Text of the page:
Licensed Community, Treatment, & Supportive Housing
Community Residences & Housing
Your bridge to living well
Our residential services provide community residences, treatment apartments, and supportive housing.
Our mission is to help individuals live as independently as possible, providing rehabilitative services that support and assist individuals with their goal of integration into the community.
A day in the life in residential
Services for living in our facilities
Our services help with living a better life
Our staff members teach and reinforce personal and community living to residents.
Training and assistance in daily living skills
Medication and symptom management
Counseling and behavioral intervention
In-house and community social and recreational activities
Types of Housing
Different homes for different needs
Our residential division operates different forms of housing for different client needs and funding sources. Whether it be certified Office of Mental Health Licensed Treatment Programs with 24/7 staff assistance, or scattered sites for more independent living, we've got you covered.
Our Residence Facilities
Housing for different levels of care
Our residences range from transitional housing, to help get you back on your feet and help learn to care for yourself, to permanent housing with varying levels of assistance depending on needs.
When you're struggling with mental concerns or substance use, or are homeless, our residences can help support and guide you to gaining independence.
Greenport Gardens Apartments
Greenport Gardens Apartment building is the area's premier residential location for varying levels of care. Having multiple levels of our programs in the same building provides the opportunity to thrive for those who need less care still reside in a place where staff is available 24/7 should they need it.
For those with severe, persistent mental illness in need of additional support, residents supported through the Hudson Community Apartments program are assisted with 24/7 staff and able to participate in a variety of rehabilitative support and recovery clinical services.
Columbia Street Apartments
Columbia Street provides a licensed treatment transitional housing environment for those recovering with mental struggles or severe, persistent mental illness to work toward independence. Residents participate in a variety of rehabilitative support, recovery and clinical services to help develop skills for living well.
Columbia Street also provides a crisis support bed. The crisis bed consists of a private bedroom adjacent to the central kitchen and community sitting room next to the staff office. Staff is available to ensure individuals in crisis are supplied with food and eating regular meals. Our Mobile Crisis Assessment Team or the Columbia County Mental Health Center (CCMHC) in conjunction with CMH can refer an individual for placement.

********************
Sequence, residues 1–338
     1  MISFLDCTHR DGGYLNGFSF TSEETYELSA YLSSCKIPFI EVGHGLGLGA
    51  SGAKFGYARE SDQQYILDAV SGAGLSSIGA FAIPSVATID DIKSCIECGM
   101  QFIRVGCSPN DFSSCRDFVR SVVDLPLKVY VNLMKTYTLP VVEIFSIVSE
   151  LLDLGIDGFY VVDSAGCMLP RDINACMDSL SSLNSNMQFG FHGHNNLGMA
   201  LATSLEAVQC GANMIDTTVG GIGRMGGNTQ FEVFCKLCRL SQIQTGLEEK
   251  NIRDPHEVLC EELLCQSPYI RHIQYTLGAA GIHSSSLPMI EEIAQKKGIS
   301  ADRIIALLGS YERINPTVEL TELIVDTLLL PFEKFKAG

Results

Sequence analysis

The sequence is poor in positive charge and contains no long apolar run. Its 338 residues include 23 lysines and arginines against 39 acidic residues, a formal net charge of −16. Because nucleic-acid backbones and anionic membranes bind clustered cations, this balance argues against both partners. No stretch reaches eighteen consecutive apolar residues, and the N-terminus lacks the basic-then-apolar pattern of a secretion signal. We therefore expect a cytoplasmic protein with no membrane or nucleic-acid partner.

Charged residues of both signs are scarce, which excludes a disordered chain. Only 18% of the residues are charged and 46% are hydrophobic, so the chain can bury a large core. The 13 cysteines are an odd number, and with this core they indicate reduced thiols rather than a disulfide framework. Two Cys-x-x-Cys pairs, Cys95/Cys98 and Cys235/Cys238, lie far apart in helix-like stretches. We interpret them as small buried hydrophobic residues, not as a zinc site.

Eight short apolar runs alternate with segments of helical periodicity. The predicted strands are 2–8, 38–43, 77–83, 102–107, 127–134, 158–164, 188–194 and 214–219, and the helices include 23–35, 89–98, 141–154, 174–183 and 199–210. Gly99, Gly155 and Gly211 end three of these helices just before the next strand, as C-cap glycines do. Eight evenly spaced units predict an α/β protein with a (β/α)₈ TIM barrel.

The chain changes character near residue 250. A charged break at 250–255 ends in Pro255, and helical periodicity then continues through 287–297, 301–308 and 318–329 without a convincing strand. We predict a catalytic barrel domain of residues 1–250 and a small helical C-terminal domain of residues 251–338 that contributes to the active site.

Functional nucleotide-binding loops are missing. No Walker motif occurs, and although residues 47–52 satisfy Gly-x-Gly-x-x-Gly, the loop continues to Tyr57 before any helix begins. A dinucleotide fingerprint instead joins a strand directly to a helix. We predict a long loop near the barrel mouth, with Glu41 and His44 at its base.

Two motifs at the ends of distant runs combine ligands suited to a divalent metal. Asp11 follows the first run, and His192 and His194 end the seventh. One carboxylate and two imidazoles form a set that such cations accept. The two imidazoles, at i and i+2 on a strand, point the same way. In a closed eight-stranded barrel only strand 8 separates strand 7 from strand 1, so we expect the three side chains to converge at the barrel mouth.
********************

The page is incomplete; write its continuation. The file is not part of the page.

Scattered Site Treatment Apartments
Several individual apartments are operated, scattered throughout Columbia & Greene Counties. The apartments serve adults with severe, persistent mental illness who are able to be more independent without 24/7 staff on site. There are still 24-hour on-call procedures for emergency situations.
Residents are provided with scheduled staff visits to the apartments, as well as trips to assist individuals in completing various daily living skill activities, such as laundry, shopping, medical appointments, and all other necessary recertification appointments with the Department of Social Services and the Social Security Administration.
Visits are provided between 2 to 6 days per week, which can increase or decrease based upon the individual's level of need.
High Cliff Terrace
High Cliff Terrace is a Licensed Treatment Community Residence to provide rehabilitative support, recovery, and clinical services for those with severe, persistent mental illness. Staff is on duty 24 hours with on-call procedures for emergency situations.
High Cliff supports a situational crisis bed, with or without a hospital diversion, depending upon the need of the individual. Our Mobile Crisis Assessment Team or the Greene County Mental Health Center (GCMHC) in conjunction with CMH can refer an individual for placement.